EL PASO — With a knot in her throat, the mother of a daughter killed in a Driving-While-Intoxicated incident tells the story of how the tragic event changed her family’s life forever. Unfortunately, like in many of these cases, the victim stays dead while the drunk driver remains alive and free.
“Our family has forever been tarnished. Our family will never be the same,” Connie Gonzalez said.
She is the mother of Angela Gonzalez, who along with her friend Orlando Figueroa, were run over by a drunk driver while crossing Lee Trevino in 2009 killing them on impact. Angela was 22 at the time and left a three year-old son behind.
In a car commuter city such as El Paso, the chance of being hit by a drunk driver is higher than in cities with prominent public transportation. In El Paso 92 percent of workers commute via car, truck or van according to a 2009 study by the Center for Neighborhood Technology, higher than the Census reported national average of 86 percent.
In 2011, offenders had a better chance of crashing than getting stopped by a police officer. The El Paso Police Department arrested 2,719 people charged with DWI and reported 3,009 alcohol-related traffic accidents. Mothers Against Drunk Driving (MADD) statistics indicate that an average drunk driver has driven drunk 80 times before his first arrest.
Gonzalez’ frustration has been increased by the fact that the driver, Eric Barajas, is still free awaiting a trial that has been reset for almost three years. Not only did he plead not guilty to two counts of intoxicated manslaughter, Gonzalez explained, but on the one-year anniversary of Gonzalez’ and Figueroa’s deaths Barajas was arrested again, charged with burglary of vehicle. Barajas pleaded not guilty again and was granted freedom once more.
“While he is with his family enjoying all of the holidays, there is always an empty chair in our family,” Gonzales said. “I visit her grave every day. That’s now where I get to spend time with my daughter.”
Virginia Gonzalez, executive director of MADD, explained that the “uphill battle” has become the norm for the city of El Paso. “A drunk driving crash is as violent as a homicide,” Gonzalez said, adding that crimes caused by a drunk driver are not considered violent crimes here.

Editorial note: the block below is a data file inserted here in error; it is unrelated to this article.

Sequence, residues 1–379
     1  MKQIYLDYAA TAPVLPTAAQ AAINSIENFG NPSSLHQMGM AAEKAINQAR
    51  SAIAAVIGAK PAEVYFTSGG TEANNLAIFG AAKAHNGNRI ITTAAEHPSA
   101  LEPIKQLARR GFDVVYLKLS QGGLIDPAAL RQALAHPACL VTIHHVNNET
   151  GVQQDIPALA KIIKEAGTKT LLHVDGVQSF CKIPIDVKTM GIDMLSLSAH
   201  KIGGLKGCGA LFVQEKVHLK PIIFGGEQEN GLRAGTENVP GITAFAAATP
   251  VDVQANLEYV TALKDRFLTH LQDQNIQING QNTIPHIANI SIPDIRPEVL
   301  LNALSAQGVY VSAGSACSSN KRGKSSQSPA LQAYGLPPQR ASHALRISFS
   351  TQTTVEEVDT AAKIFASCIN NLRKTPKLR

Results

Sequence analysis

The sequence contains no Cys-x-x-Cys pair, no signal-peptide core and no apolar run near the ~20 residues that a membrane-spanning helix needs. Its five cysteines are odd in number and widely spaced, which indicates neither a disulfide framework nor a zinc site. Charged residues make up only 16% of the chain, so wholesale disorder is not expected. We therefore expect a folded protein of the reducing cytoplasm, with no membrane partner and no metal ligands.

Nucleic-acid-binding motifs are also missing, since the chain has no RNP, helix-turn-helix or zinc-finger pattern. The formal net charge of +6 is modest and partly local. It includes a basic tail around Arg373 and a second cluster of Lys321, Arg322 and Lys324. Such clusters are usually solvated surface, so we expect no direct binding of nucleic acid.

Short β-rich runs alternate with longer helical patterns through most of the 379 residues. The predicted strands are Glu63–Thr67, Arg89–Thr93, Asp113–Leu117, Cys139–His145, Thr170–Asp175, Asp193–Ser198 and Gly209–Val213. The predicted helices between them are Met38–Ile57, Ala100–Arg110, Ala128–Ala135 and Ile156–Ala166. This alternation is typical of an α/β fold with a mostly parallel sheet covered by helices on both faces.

El Paso Mayor John Cook said more should be done against drunk drivers and is advocating for stricter punishments. “One thing I would like to see is for the courts to have less tolerance for drunk driving. I personally think it should be a mandatory jail sentence for a first offence,” Cook said.
There are several measures such as sobriety checkpoints and ignition interlock programs that have been proven useful in preventing some fatalities due to DWI. According to the Center for Disease Control and Prevention approximately 1,500 to 3,000 lives can be saved per year with the use of sobriety checkpoints.
The CDC also estimates that for every dollar spent in the implementation of preventive methods, there is revenue of about $6.80, considering the reductions in medical costs, work loss, and lost quality of life.
Unfortunately Texas is one of the 12 states that do not use sobriety checkpoints. According to the Governors Highway Safety Association, Texas considers such measures as “Illegal under Texas’ interpretation of the federal constitution.”
Connie Gonzalez said that in 2010 she joined a group of Mothers Against Drunk Driving to visit government officials in Austin, Texas, to demand the implementation of the checkpoints. But they could not get legislators to enact these laws.
“This is a problem that is 100 percent preventable,” Virginia Gonzalez added.
Like Connie Gonzalez, there are many family members of victims who are still awaiting justice. They believe that making the decision to drink and drive is reason enough for incarceration, let alone killing someone in the process.
“It’s really very frustrating when you hear about people who are arrested for the third, fourth and fifth DWI. You wonder how did we get to that point where this person is still allowed to drive?” Cook said.